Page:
Dartmouth's TAs avoid grievances of other schools
While striking, frustrated, underpaid graduate students have beset universities across the country, Dartmouth seems to have escaped the epidemic, thanks to measures taken by the College to placate its graduate students. But not all of the graduate students at the College are content: Many cite the tedious nature of their work.
Graduate teaching assistant stipends vary by department. Two years ago, the College raised the base pay stipend from $16,440 per year to $18,084 per year in order to attract more graduate students to Hanover. The College also secured medical benefits for the students. This year's stipend for graduate teaching assistants is $18,528. Next year students can expect to receive $19,020.
The pay at Columbia, where hundreds of graduate students participated in strikes that erupted April 19, is significantly lower. Ninety percent of the graduate Ph.D. humanities students at Columbia receive a base pay stipend of only $17,000 per year in a city where the cost of living is higher than in Hanover.
To keep its teaching assistants happy, Dartmouth also gives out an annual teaching award, which carries with it a $1000 prize, to recognize outstanding graduate teaching assistants. The Filene Graduate Teaching Award is granted to the graduate student who "best exemplifies the qualities of a college educator," according materials released by Dartmouth Graduate Studies.
Biochemistry professor Charles Barlowe attributes the College's lack of strikes to Dartmouth's generous treatment of its graduate students.
"We don't think of our graduate students as a labor pool to staff the labs. We view it more as a learning experience for them," said Barlowe. "Students here don't feel abused because they aren't required to over-teach."
Other, larger schools tend to view graduate students as a labor force, demanding that they teach far more than is expected of the Dartmouth students, Barlowe said.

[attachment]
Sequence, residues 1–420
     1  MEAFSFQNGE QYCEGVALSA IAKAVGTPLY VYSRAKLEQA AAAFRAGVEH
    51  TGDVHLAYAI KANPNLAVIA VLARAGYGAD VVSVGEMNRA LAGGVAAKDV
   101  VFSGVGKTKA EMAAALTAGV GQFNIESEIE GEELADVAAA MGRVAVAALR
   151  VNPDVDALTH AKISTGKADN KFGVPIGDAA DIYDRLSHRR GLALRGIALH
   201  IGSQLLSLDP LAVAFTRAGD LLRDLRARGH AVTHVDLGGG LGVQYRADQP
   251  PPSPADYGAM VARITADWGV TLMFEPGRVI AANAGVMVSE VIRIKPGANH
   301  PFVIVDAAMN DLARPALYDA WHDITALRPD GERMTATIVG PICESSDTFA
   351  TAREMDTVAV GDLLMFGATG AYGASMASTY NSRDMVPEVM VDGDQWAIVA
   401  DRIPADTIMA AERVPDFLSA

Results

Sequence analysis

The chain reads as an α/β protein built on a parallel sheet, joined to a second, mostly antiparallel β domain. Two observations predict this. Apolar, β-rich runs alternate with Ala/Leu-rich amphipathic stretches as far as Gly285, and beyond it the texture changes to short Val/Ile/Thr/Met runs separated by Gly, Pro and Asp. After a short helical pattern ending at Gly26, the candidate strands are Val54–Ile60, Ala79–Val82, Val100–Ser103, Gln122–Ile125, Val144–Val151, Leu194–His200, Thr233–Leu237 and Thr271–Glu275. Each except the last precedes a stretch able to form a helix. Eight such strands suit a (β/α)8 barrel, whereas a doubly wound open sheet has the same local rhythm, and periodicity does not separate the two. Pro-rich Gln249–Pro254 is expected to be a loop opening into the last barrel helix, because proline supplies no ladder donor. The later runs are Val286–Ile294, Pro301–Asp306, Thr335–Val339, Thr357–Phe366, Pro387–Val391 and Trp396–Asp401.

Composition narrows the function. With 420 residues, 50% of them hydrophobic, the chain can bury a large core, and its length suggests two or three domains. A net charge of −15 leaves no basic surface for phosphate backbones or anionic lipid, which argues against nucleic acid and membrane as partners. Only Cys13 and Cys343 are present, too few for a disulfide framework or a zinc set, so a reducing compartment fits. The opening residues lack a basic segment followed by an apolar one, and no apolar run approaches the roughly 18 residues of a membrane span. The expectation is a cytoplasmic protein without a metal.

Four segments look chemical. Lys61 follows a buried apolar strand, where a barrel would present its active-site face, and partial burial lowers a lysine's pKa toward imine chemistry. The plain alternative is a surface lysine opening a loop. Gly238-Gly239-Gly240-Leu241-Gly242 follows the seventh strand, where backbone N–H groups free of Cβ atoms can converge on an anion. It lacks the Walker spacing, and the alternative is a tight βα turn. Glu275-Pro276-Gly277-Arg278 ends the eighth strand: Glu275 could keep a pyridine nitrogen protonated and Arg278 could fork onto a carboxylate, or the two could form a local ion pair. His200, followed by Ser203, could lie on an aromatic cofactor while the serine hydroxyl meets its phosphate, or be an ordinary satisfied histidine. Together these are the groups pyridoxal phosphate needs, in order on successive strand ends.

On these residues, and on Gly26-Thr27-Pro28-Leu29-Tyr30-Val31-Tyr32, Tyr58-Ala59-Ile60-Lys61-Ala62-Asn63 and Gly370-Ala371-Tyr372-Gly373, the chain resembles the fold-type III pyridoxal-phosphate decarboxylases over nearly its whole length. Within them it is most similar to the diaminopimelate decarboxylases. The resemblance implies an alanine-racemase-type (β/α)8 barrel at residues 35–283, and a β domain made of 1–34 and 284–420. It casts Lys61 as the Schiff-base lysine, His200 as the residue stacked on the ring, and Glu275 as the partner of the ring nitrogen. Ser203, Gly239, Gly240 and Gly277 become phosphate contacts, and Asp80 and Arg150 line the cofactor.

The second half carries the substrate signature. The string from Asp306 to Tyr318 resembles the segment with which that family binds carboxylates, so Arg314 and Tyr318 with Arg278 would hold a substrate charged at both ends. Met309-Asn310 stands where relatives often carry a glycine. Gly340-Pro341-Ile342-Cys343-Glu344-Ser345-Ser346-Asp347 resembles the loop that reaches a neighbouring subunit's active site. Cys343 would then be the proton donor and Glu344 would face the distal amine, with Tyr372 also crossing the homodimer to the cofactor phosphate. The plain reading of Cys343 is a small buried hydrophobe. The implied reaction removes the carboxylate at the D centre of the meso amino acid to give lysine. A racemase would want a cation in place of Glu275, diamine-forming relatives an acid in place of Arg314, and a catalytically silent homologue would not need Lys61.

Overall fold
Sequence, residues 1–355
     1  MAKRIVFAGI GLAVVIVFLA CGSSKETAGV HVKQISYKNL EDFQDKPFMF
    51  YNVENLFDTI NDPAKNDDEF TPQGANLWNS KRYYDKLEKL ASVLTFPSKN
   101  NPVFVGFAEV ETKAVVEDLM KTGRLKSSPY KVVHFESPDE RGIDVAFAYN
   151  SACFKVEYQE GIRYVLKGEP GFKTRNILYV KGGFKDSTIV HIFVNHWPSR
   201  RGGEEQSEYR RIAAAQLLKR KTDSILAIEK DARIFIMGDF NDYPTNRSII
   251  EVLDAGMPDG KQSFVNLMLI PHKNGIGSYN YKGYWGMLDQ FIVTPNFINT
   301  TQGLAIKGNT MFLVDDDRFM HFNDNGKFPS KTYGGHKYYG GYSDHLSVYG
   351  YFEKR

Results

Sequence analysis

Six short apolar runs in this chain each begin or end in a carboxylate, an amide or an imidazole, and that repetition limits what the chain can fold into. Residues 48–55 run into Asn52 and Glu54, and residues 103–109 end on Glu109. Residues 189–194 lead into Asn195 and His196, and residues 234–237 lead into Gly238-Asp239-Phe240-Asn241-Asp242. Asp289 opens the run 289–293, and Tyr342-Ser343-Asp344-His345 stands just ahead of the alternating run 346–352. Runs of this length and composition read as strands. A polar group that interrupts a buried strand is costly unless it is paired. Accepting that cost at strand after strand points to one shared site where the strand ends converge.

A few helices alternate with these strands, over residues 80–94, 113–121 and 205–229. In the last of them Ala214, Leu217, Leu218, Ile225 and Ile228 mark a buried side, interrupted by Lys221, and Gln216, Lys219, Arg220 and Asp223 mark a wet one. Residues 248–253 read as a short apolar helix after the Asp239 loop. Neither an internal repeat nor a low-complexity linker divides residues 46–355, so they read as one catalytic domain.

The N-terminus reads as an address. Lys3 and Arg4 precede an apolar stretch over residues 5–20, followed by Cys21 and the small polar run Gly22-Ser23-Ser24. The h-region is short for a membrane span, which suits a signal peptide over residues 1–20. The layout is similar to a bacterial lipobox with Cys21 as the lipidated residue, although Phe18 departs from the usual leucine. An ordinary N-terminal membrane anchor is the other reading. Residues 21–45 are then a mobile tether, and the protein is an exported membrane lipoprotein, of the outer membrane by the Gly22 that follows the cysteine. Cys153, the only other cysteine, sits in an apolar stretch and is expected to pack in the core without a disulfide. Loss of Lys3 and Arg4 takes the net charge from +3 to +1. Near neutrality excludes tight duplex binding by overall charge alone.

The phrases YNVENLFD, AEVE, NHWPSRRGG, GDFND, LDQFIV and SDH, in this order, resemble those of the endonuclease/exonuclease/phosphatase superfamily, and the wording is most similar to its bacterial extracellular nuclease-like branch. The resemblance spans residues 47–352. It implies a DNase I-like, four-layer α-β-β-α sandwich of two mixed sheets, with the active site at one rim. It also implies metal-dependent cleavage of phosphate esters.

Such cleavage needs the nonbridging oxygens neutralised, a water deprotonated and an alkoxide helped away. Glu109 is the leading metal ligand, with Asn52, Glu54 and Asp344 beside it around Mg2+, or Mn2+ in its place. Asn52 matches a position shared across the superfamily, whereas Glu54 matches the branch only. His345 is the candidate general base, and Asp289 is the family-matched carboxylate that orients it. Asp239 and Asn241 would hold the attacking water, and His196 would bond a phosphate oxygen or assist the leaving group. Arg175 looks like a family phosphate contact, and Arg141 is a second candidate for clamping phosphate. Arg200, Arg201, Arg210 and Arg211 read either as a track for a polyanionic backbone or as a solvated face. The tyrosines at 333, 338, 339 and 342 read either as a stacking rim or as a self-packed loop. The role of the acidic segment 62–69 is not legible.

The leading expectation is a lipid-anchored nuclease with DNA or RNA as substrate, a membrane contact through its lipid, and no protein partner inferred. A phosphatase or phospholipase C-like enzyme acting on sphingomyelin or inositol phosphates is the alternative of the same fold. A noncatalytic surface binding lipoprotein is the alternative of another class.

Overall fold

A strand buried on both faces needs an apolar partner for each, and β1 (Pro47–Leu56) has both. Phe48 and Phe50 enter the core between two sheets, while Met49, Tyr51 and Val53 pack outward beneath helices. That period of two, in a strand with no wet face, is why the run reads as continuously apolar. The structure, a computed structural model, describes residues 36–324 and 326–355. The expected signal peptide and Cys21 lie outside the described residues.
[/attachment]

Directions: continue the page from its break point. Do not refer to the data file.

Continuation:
Teaching loads required of graduate students at Dartmouth varies. Departments with fewer graduate students often require more teaching responsibilities. The biology department requires graduate students to teach one term, while the chemistry department requires students to teach twice per academic year for their first three years.
Despite the College's efforts, graduate teaching assistants expressed mixed reactions about their quality of life.
One graduate student who spoke on the condition of anonymity said that being a teaching assistant is "very frustrating at times," noting that the experience varies depending the professor's degree of involvement in the course. According to the teaching assistant, classes that are poorly structured and out-dated are especially frustrating.
"As a TA I have felt that I am grading repetitive and very basic work that takes a long time to grade. This wastes everyone's time and damages how seriously the students take the subject that they are supposed to learn about," the graduate student said.
The graduate student also expressed frustration regarding the lack of the lecturing and course planning opportunities at the College.
"Lecturing experience is great and teaching helps to consolidate your own understanding," the student said.
Chemistry graduate student Yu Cai, on the other hand, said he enjoys working as a teaching assistant.
"I think TAs are treated well. My students and I respect each other and treat each other as friends," said Cai.
While Cai gains satisfaction from working with undergraduate students, he also noted the significant lack of perks.
Both Cai and other graduate teaching assistants noted that one of the biggest downfalls to being a teaching assistant is the time-consuming nature of the position. With less teaching assistant work, graduate students would have more time to focus on their own research.
Graduate students at Columbia are protesting the university's refusal to allow them to unionize. A significant number of undergraduate students at Columbia have rallied to support them by boycotting classes.